We and other researchers have shown that TRPV1 activation is involved in bone cancer pain.23,24,45 TRPV1 is present on sensory fibers in mineralized bone and bone marrow.45 Tumor growth and expansion induce inflammation and ischemia due to destruction of the microvasculature, resulting in an acidic environment. In addition, bone cancer generally activates osteoclasts, as previously shown in a bone cancer pain model.46 Activated osteoclasts maintain an extracellular microenvironment of low pH (4.0 to 5.0) to resorb bone.47 An acidic environment can activate TRPV1.15 Moreover, chemical mediators released from tumor cells and inflammatory cells, including endothelin-1, nerve growth factor, and prostaglandins, can sensitize TRPV1.16,48,49 Sensitized TRPV1 can be tonically activated at normal body temperature,16 resulting in occurrence of spontaneous pain. Thus, QX-314 can have an inhibitory effect on TRPV1-expressing afferents, since TRPV1 is tonically activated in a bone cancer pain condition.
Some previous studies have shown that activation of TRPV1 by agonists including capsaicin is needed to evoke local anesthetic effects of QX-314.14,17 Intense pain associated with capsaicin injection limits the clinical use of QX-314. The current study has shown that QX-314 has analgesic effects on bone cancer pain without coadministration of any TRPV1 agonists. These results are consistent with results of previous studies showing that TRPV1 agonist application is not needed to evoke local anesthetic effects of QX-314.18,19,50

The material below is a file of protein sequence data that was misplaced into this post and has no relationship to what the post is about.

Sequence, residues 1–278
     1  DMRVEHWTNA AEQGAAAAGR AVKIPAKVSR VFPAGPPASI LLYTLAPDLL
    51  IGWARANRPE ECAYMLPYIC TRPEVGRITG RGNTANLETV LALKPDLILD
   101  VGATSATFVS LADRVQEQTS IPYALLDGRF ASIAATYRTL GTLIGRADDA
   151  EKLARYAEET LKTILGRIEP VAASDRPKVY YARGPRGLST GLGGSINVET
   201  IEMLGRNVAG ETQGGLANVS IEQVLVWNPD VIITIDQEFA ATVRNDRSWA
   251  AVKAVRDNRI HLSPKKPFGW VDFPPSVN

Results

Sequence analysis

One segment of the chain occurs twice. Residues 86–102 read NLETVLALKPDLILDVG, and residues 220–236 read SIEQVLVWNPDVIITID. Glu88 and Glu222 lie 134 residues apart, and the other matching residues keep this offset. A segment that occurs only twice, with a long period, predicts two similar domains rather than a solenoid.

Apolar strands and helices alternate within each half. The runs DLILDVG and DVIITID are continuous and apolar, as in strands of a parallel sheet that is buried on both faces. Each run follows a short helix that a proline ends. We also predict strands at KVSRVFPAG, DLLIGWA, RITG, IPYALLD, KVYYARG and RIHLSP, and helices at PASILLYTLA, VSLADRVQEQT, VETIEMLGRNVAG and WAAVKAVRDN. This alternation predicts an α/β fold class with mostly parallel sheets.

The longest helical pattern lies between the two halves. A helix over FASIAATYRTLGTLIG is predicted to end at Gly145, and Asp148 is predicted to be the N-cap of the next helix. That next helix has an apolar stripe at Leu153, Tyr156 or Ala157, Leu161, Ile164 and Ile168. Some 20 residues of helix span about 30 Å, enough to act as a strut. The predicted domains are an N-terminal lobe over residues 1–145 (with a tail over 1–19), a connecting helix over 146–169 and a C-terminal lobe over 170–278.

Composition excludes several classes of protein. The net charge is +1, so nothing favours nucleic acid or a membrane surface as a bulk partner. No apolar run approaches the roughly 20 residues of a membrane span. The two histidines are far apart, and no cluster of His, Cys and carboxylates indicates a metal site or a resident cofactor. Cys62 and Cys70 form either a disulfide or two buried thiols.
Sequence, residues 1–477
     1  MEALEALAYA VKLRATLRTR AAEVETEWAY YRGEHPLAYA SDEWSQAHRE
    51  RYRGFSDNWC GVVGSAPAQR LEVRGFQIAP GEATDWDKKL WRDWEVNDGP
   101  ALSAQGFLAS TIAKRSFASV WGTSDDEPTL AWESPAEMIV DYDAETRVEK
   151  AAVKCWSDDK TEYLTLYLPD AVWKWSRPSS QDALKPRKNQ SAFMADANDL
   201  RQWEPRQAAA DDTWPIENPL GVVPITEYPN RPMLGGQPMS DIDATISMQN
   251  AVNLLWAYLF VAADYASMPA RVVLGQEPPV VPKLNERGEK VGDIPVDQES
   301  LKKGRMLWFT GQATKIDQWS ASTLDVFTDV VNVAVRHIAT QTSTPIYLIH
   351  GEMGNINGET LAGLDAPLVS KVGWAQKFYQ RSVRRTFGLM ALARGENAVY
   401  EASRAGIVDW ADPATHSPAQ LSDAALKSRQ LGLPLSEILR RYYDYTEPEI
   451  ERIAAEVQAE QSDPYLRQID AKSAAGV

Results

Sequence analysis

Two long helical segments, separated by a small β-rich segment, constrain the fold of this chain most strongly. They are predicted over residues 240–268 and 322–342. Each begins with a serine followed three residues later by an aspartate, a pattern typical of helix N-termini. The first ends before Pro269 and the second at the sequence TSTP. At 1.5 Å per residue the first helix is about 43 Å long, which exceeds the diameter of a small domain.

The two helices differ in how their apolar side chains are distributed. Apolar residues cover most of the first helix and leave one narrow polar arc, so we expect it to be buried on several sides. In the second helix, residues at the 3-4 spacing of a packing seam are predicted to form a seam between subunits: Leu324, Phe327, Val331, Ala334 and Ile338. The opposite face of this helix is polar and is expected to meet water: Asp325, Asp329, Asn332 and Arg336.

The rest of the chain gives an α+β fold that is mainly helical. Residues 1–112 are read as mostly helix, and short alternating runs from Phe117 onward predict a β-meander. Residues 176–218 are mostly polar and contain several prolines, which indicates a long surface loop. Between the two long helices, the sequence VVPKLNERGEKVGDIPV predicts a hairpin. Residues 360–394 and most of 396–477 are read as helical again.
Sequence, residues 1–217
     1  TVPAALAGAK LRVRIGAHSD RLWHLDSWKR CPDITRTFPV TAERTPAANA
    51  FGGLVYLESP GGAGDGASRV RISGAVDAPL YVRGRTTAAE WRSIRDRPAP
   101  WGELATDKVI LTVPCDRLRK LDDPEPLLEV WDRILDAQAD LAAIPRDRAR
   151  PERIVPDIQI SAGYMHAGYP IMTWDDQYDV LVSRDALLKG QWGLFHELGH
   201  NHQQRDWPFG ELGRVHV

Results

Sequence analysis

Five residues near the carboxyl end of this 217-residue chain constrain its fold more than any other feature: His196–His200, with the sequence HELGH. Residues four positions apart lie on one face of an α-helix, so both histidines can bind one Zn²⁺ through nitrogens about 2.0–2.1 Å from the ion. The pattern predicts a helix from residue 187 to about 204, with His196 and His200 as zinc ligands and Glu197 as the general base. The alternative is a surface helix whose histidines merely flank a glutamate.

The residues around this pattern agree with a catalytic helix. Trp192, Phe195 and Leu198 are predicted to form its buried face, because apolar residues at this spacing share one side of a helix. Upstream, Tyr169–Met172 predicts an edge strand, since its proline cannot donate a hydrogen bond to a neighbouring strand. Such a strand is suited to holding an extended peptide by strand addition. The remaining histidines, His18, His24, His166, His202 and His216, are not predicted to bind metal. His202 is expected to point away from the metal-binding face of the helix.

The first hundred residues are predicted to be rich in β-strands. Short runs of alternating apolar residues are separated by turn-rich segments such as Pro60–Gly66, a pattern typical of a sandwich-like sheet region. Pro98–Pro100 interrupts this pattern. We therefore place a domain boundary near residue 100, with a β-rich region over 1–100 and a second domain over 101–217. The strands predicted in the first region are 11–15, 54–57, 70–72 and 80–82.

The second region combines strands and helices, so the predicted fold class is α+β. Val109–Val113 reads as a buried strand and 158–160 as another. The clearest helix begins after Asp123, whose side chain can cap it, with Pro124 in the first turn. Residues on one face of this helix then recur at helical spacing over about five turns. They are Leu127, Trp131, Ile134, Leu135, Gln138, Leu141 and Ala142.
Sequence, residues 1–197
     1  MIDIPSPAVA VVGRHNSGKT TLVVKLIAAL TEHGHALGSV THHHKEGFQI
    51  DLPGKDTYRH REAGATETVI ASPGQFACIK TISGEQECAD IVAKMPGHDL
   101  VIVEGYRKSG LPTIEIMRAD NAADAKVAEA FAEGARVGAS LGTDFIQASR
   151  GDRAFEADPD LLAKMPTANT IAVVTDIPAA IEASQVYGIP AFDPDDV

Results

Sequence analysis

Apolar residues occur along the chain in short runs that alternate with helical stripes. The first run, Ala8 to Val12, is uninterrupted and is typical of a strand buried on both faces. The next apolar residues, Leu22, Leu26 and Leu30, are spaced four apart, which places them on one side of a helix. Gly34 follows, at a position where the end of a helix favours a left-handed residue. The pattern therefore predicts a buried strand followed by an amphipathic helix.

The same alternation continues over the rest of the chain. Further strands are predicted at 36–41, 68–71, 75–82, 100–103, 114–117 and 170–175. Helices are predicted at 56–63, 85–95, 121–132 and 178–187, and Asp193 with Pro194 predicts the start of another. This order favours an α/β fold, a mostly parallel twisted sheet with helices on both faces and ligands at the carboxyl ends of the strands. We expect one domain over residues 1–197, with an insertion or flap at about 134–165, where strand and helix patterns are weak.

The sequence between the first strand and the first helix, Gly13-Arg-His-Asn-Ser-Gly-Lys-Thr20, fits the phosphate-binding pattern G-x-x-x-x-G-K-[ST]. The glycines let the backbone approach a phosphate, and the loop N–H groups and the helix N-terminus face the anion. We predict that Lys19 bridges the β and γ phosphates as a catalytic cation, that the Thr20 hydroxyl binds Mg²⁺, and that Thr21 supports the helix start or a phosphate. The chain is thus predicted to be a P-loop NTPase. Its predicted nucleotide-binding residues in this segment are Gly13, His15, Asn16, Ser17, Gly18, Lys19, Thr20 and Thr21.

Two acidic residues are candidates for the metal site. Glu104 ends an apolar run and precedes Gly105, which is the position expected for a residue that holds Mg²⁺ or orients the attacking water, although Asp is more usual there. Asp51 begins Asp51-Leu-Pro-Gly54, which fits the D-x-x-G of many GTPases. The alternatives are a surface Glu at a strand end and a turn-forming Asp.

A previous study has also shown that the intravenous quaternary lidocaine derivatives QX-222 and QX-314 inhibit nerve injury–induced thermal hyperalgesia, but not mechanical hypersensitivity, without coadministration of TRPV1 agonists.20 It has been shown that TRPV1 activation was involved in nerve injury–induced thermal hyperalgesia.51 Thus, systemic administration of QX-314 may produce local anesthetic effects without coadministration of TRPV1 agonists in painful conditions in which TRPV1 is activated, as well as in bone cancer pain.
Previous studies have shown that when TRPV1 is activated by capsaicin or acid solution, local administration of QX-314 hardly impairs motor function.14,52 In the current study, although we did not examine the effects of QX-314 on motor function and tactile sensation, systemic administration of QX-314 did not worsen limb use during spontaneous ambulation and weight-bearing compared to those before administration. Reduction of pain by QX-314 with almost no impairment of motor function and tactile sensation is attractive for pain management.
Finally, it is well known that in humans, capsaicin-sensitive afferents are involved in perception of mechanical pain as well as heat pain and inflammatory pain, so-called polymodal afferents.53–55 Therefore, in contrast to mice, QX-314 may have analgesic effects on movement-evoked pain as well as ongoing pain in patients with bone cancer pain.